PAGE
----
Several years ago, Claire van Kampen was composing music for a London theater production. During a break, one of the singers asked her if she knew the story of Farinelli, the famous 18th century opera singer.

"'You'd really like the bit where he goes to Spain and sings to King Phillipe who has this bipolar disorder.' And then I started to think: Now that's an interesting story that I haven't heard about, seen."

Sessions from Studio A - Celestial Motion Wagon

Dec 28, 2017
Carl Nelson / WNIJ

Celestial Motion Wagon performs "Interstellar" in WNIJ's Studio A.

Find the music of Celestial Motion Wagon at Bandcamp.

In 1946, Nat King Cole became the first recording artist to wrap his lush vocals around what would become a standard of the holiday season, "The Christmas Song." But that song was written by a different crooner: Mel Tormé.

NPR's Noel King spoke with Mel Tormé's youngest son, James — an accomplished jazz singer himself — to get the story behind the creation of this Christmas classic.

Ben Shirley's story is one of redemption. He'd been playing bass in bars, clubs and arenas in the Los Angeles area since he was 15 when he fell down a path of drugs and alcohol. Four bottles of vodka and $360 worth of heroin a day brought him down hard on Skid Row.

It was at the non-profit The Midnight Mission where Shirley turned his life around in 2011. Now, at 53, he's an undergrad in The San Francisco Conservatory of Music's program of Technology and Applied Composition. He debuted an original piece, "We Need Darkness to See the Stars," earlier this month.

Sessions from Studio A - Make it a Double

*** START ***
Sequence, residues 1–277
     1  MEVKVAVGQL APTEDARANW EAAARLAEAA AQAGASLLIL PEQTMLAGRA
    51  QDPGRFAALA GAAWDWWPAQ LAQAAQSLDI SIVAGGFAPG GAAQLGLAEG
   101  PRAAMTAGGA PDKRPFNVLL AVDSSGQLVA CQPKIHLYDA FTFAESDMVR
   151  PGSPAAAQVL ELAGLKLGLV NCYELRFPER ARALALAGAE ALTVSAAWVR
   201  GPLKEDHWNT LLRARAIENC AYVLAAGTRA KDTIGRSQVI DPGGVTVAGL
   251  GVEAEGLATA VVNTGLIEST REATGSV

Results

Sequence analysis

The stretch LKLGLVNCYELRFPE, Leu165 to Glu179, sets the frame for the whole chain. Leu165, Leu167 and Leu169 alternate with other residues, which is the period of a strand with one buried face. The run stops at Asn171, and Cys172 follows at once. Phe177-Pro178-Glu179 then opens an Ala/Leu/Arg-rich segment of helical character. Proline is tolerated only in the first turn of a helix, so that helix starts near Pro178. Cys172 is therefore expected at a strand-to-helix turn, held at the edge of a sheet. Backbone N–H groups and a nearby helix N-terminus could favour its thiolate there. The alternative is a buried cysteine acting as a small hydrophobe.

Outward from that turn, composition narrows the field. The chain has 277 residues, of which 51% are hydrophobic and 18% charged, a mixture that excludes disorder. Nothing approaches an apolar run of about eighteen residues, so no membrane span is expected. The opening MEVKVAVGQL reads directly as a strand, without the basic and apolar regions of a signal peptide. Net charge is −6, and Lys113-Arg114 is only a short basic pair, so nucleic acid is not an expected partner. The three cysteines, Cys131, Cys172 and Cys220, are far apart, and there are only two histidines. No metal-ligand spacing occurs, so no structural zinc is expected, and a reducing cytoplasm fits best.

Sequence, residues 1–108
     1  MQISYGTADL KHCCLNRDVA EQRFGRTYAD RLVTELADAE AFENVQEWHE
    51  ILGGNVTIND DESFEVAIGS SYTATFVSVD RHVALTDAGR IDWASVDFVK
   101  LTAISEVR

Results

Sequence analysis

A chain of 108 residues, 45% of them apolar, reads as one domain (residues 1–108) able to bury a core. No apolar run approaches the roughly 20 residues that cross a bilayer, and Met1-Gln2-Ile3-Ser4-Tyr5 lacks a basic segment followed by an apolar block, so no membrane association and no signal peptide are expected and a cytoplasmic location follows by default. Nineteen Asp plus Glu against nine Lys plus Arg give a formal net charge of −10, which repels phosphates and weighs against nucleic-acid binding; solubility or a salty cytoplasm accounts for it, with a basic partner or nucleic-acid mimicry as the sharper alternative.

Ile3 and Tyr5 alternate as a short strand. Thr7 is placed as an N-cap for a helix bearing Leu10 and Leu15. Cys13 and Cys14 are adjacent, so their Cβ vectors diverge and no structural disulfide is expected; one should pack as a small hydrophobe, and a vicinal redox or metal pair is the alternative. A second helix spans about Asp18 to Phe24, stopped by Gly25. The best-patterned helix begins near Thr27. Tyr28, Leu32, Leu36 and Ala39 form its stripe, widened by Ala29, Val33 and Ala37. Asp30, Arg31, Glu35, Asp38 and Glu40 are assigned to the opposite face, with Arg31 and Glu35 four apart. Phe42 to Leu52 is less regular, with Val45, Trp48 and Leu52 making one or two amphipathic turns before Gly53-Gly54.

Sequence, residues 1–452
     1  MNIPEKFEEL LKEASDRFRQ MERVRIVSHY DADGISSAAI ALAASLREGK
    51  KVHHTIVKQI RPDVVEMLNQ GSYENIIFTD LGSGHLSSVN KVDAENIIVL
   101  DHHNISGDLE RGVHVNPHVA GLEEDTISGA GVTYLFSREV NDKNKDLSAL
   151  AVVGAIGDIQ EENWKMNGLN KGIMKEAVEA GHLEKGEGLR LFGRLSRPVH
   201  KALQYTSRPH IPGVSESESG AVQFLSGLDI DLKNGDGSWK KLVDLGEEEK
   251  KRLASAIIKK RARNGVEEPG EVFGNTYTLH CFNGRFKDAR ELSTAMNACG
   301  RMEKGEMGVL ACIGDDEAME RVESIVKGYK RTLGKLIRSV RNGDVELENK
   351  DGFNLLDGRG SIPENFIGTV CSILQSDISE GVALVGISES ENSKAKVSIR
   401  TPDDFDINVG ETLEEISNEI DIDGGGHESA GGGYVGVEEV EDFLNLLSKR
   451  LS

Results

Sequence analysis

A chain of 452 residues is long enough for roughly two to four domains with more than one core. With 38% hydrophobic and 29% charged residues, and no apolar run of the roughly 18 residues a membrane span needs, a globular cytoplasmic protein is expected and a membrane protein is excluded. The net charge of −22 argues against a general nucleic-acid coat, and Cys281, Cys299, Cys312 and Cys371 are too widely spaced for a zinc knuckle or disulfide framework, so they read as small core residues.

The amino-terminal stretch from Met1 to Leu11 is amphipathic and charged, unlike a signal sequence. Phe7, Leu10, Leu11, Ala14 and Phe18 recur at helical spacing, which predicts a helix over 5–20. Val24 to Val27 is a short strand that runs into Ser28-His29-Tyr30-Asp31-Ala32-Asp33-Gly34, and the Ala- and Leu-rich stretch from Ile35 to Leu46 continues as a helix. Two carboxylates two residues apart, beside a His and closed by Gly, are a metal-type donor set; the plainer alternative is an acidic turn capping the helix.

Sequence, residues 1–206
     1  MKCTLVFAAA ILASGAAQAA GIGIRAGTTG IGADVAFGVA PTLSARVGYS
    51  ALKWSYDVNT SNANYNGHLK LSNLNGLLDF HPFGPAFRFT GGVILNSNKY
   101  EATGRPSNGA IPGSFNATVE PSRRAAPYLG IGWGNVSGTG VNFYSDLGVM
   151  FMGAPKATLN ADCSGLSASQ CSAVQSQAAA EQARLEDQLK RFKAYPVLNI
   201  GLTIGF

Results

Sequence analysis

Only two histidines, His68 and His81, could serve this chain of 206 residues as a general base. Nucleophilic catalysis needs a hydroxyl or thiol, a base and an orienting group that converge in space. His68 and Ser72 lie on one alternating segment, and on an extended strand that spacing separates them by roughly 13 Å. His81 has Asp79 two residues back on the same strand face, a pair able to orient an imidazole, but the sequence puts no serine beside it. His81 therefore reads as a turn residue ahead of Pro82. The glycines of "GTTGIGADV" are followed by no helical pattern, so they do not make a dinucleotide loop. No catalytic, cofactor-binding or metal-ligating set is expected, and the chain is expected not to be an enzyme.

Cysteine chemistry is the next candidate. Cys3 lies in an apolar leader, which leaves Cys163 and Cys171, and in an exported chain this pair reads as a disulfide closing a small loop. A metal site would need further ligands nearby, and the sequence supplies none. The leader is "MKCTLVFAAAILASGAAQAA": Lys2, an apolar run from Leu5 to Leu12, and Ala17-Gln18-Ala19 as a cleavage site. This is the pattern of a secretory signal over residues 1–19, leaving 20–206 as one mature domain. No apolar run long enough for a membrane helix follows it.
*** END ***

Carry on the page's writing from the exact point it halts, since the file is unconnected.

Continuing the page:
Dec 21, 2017
Carl Nelson / WNIJ

Make it a Double performs "Cold Sheets of Rain" in WNIJ's Studio A.

Find Make it a Double at Facebook.

Updated, Dec. 21, 10:45 p.m. ET and Dec. 22, 12:09 p.m.: The responses of various orchestras to the allegations were added to this article.

The Associated Press has reported allegations of sexual assault against the famed conductor Charles Dutoit made by four women, in incidents that span from 1985 to 2010 and that took place in five different U.S. cities.

Goran Bregović is one of the Balkans' most beloved musicians and composers. He grew up in the Bosnian town of Sarajevo and witnessed the atrocities of war in the 1990s. But he channeled his home region's pain, as well as its endless humor, into his music, and got his big break composing for films like Emir Kusturica's Time of the Gypsies.

Collaboration. It's at the heart of many of NPR Music's finest moments. And it's in the DNA of the intrepid Kronos Quartet, which some 40 years ago began working with composers around the globe to spotlight new music.

Opening our 10th anniversary concert at the 9:30 Club in Washington, D.C., Kronos, true to form, gave an appreciative audience both a world premiere and an extraordinary surprise collaboration.